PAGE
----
The Political Economy of Privatization
Privatization is defined as the transfer of assets and service functions from the public to the private sector. 1 In the early 1990s, a prominent magazine described privatization as the 'sale of the Century . . . a policy that in 1980 seemed adventurous to some and unworkable to everybody else . . . is [now] economic orthodoxy worldwide' ( The Economist 1993: 13). It has been the most controversial policy issue dominating the political agenda of many countries around the globe for over a decade, and by the mid-1990s it was progressively gaining momentum ( Edwards 1995; Holden and Rajapatirana 1995; Sader 1995). Between 1990 and 1996, Latin America and the Caribbean became the developing world's leader in privatization, accounting for 53 per cent of total proceeds ($82.4 billion see Table 1.1). During such a period annual revenues averaged, in terms of Gross Domestic Product (GDP), for the region as a whole, 1 per cent ( Interamerican Development Bank ( IDB), 1996: 170).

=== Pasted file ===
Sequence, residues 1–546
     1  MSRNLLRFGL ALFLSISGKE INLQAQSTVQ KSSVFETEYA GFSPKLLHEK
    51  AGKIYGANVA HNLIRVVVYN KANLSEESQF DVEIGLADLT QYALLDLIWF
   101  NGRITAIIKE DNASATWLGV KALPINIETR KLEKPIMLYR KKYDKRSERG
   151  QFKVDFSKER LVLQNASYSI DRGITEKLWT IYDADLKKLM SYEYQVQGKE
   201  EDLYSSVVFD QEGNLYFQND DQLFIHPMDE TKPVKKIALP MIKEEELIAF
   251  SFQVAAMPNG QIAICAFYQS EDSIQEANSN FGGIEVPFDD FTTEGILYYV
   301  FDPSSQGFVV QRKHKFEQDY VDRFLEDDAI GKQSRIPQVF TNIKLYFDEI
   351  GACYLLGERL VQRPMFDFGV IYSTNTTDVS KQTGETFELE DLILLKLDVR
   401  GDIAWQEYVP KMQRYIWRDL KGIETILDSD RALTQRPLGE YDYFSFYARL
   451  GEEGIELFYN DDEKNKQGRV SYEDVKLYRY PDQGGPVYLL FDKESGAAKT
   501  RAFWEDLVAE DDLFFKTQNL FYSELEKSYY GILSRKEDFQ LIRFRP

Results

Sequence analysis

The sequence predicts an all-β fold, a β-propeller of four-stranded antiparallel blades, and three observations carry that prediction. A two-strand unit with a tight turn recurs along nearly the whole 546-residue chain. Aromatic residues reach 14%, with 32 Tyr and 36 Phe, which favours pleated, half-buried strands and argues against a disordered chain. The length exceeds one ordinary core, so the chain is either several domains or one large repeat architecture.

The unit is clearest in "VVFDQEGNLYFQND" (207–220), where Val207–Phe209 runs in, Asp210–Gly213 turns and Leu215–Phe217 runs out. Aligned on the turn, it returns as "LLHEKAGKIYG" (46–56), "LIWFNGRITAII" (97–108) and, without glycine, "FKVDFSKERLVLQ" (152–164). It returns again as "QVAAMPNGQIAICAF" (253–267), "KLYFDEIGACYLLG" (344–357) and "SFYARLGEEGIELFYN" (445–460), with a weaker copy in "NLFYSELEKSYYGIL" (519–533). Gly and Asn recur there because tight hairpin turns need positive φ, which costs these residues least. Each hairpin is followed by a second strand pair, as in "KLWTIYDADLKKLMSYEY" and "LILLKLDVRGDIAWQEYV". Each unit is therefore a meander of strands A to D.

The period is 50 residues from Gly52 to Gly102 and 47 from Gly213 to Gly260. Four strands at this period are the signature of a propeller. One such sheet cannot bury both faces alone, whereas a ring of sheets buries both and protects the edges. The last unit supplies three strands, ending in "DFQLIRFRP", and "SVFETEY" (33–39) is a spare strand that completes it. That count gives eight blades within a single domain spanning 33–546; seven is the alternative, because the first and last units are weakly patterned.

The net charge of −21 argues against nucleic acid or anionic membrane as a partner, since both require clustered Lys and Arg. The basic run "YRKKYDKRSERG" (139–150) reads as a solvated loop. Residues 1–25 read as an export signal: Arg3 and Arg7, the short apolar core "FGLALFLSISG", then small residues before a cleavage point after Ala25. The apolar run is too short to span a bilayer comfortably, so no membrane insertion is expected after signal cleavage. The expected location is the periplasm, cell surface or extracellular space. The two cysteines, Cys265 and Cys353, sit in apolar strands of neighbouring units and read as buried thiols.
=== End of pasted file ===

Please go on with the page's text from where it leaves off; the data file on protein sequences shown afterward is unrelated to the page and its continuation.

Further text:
The academic debate regarding privatization has traditionally focused on economic arguments. However, no matter how sophisticated economic analyses may be, they have been unable to explain why for most of the 1970s and 1980s privatization, while making perfect economic sense in many countries, failed to occur. Obviously, the problem lies else where. According to the investment report of one of the world's most respected financial institutions, the real issue is that the decision to privatize is a political one. In discussing the Latin American experience, the report states: 'In all cases, the world of politics and, more importantly, the ability to deal with it, has played a crucial role.' 2 This explanation is not an isolated case. Practitioners argue much of the same. Carlos Montoya, the architect of the Peruvian state divestiture program, admitted that privatization was essentially a political issue, which requires a clear political plan and a strong presidential leadership. 3 A Brazilian economist, who worked on the programs under the Sarney and Collor administrations, echoed such a statement by admitting that the decision to privatize rests ultimately upon political calculations as politicians are the ultimate arbiter of the decision-making process. 4 The World Bank itself, in a recent cross-national study surveying the success and failure of privatization in Eastern Europe, Asia, Africa, and Latin America, acknowledged that, 'clearly factors